“We all are of the citizens of the Sky” Camille Flammarion
In 1858, by the set of its relations, it will allow Camille Flammarion, the 16 years age, to enter as raises astronomer at the Observatory of Paris under the orders of Urbain the Glassmaker, at the office of calculations.
I was over at Cosmic Variance for a visit, and commented on the “woodcut” which is title by the name of the post above given by Camile Flammarion? Below a caption is produced with a
While Daniel ask spyder what the source of this was, I am quietly doing my own research, because I have used this image myself. What did it mean?
This picture is a copy of a “16 century woodcut” copied by Camille Flammarion in 1888.
The widely circulated woodcut of a man poking his head through the firmament of a flat Earth to view the mechanics of the spheres, executed in the style of the 16th century cannot be traced to an earlier source than Camille Flammarion’s L’Atmosphère: Météorologie Populaire (Paris, 1888, p. 163) . The woodcut illustrates the statement in the text that a medieval missionary claimed that “he reached the horizon where the Earth and the heavens met”, an anecdote that may be traced back to Voltaire, but not to any known medieval source. In its original form, the woodcut included a decorative border that places it in the 19th century; in later publications, some claiming that the woodcut did, in fact, date to the 16th century, the border was removed. Flammarion, according to anecdotal evidence, had commissioned the woodcut himself. In any case, no source of the image earlier than Flammarion’s book is known.
See here for larger version “with caption” that has been translated above.
Now the interesting thing about woodcuts and what was found in my research, had to do with how “alchemical texts” can embody the “psychological process” that lent itself to the display the evolution in humanities thoughts.
Splendor Solis (“The Splendour of the Sun”) is a well-known colorful alchemical manuscript. The earliest version, written in Middle German, is dated 1532-1535 and is housed at the Prussian State Museum in Berlin. It is illuminated on vellum, with decorative borders like a book of hours, beautifully painted and heightened with gold. The later copies in London, Kassel, Paris and Nuremberg are equally fine. In all twenty copies exist worldwide.
I will give an examples that have been retained by me, for understanding that allow me to speak on this. While I referred to the “enlightenment” and gave this answer above, I used it in context of how we see the cosmos now, given the understanding of the physics we are engaged in science.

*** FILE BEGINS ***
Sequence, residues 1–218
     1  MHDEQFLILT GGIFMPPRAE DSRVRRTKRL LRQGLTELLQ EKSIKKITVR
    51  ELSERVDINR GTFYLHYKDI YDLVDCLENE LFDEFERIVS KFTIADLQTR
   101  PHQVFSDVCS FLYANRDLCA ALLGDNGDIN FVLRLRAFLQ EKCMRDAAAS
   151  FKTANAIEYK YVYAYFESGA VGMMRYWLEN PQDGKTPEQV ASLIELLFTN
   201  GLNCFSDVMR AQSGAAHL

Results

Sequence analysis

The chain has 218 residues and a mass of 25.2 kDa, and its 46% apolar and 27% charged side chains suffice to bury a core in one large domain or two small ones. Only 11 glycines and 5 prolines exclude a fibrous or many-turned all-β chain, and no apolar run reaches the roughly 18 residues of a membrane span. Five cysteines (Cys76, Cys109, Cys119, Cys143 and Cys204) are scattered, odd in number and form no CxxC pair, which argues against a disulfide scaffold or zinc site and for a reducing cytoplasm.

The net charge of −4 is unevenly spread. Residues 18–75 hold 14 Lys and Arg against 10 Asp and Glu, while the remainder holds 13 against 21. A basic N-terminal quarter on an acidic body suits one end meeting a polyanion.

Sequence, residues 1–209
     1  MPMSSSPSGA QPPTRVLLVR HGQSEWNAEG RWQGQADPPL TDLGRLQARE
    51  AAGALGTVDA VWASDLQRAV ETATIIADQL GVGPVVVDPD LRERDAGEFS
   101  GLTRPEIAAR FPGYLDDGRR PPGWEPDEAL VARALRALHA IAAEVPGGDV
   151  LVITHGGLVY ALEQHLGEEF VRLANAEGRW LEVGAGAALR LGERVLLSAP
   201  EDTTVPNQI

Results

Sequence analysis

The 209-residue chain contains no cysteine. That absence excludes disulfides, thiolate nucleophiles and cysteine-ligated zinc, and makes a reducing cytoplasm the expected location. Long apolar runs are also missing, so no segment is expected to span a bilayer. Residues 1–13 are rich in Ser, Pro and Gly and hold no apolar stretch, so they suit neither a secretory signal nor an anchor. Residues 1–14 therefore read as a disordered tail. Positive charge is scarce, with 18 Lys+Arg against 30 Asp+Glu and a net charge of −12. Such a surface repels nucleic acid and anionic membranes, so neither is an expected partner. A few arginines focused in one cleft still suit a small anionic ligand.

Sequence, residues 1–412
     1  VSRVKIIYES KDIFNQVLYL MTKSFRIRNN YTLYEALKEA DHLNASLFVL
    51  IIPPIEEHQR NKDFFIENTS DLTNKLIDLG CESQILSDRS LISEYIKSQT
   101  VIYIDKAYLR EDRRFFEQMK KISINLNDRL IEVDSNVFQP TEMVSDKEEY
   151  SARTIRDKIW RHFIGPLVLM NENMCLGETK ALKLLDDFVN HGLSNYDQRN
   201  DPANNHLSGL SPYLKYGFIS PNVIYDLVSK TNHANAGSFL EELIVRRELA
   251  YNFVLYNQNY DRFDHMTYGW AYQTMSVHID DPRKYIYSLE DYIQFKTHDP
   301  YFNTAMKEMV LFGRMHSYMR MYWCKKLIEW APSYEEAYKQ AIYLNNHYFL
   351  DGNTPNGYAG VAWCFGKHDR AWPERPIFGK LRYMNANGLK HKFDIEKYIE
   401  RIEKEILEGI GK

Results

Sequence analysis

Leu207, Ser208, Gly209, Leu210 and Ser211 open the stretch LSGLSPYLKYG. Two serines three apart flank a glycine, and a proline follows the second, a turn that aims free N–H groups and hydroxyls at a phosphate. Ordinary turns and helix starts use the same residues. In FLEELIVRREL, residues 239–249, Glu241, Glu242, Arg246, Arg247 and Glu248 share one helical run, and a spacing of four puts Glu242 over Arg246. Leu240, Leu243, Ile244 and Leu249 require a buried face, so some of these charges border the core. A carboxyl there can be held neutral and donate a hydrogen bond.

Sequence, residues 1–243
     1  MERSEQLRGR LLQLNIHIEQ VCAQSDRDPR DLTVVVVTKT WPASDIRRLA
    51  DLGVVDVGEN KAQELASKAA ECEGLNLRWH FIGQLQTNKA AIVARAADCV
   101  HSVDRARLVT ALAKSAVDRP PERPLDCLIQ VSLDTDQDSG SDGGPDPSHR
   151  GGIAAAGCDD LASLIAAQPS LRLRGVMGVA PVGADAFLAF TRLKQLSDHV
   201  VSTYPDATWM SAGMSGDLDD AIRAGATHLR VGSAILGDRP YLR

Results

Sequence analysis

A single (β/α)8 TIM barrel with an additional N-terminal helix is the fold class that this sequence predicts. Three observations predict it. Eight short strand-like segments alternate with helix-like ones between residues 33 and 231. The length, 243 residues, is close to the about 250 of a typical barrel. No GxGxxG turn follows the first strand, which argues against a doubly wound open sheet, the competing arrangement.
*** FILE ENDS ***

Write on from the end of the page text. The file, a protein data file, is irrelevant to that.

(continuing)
While relativity was applied to the cosmos at large, now, quantumly defining the nature of this cosmos, is part of this achievement that I refer too in terms of enlightenment.
What are Woodcuts
In Europe, Woodcut is the oldest technique used for old master prints, developing about 1400, by using on paper existing techniques for printing on cloth. The explosion of sales of cheap woodcuts in the middle of the century led to a fall in standards, and many popular prints were very crude. The development of hatching followed on rather later than in engraving. Michael Wolgemut was significant in making German woodcut more sophisticated from about 1475, and Erhard Reuwich was the first to use cross-hatching (far harder to do than in engraving or etching). Both of these produced mainly book-illustrations, as did various Italian artists who were also raising standards there at the same period. At the end of the century Albrecht Dürer brought the Western woodcut to a level that has never been surpassed, and greatly increased the status of the single-leaf (ie an image sold separately) woodcut.
As woodcut can be easily printed together with movable type, because both are relief-printed, it was the main medium for book illustrations until the late-sixteenth century. The first woodcut book illustration dates to about 1461, only a few years after the beginning of printing with movable type, printed by Albrecht Pfister in Bamberg. Woodcut was used less often for individual (“single-leaf”) fine-art prints from about 1550 until the late nineteenth-century, when interest revived. It continued to be important for popular prints until the nineteenth century in most of Europe, and later in some places
I refer to the psychological basis of what these woodcuts can mean from an early historical perspective. By studing methods used I came to learn of what this could mean “not from producing gold from lead” but of what this could mean in terms of applying ourselves and conducting our selves, as a commitment to being better human beings.
This new compound of thought is difficult to understand and apply in our everyday affairs. The Swiss psychiatrist C. G. Jung went perhaps further than any other researcher to extract the psychological wisdom embedded in alchemy and make it available to the modern world. Through his work we learn how alchemy can be used as a powerful means of psychological transformation, personal empowerment and spiritual adventure. Individuation is the real gold sought by true alchemists. Yet, for all his genius, Jung’s writings are complex and oftentimes as difficult to read as the alchemical literature. A thorough knowledge of analytic psychology, theology, symbolism and mythology is required to appreciate the depth of Jung’s insights. Adding to this challenge is the rapid rate that science and technology have advanced since Jung’s death. We live in a New World. Especially with the findings of quantum physics -many of which validate old philosophical truths- the time is ripe for a fresh interpretation of alchemy and how we can apply its powerful recipes to the challenges of contemporary life.